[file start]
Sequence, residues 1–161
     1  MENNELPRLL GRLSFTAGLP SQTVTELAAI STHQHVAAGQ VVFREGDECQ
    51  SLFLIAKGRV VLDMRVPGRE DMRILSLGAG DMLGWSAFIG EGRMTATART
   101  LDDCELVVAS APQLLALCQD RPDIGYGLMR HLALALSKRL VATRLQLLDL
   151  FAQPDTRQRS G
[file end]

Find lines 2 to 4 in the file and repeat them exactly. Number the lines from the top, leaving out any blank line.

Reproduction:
     1  MENNELPRLL GRLSFTAGLP SQTVTELAAI STHQHVAAGQ VVFREGDECQ
    51  SLFLIAKGRV VLDMRVPGRE DMRILSLGAG DMLGWSAFIG EGRMTATART
   101  LDDCELVVAS APQLLALCQD RPDIGYGLMR HLALALSKRL VATRLQLLDL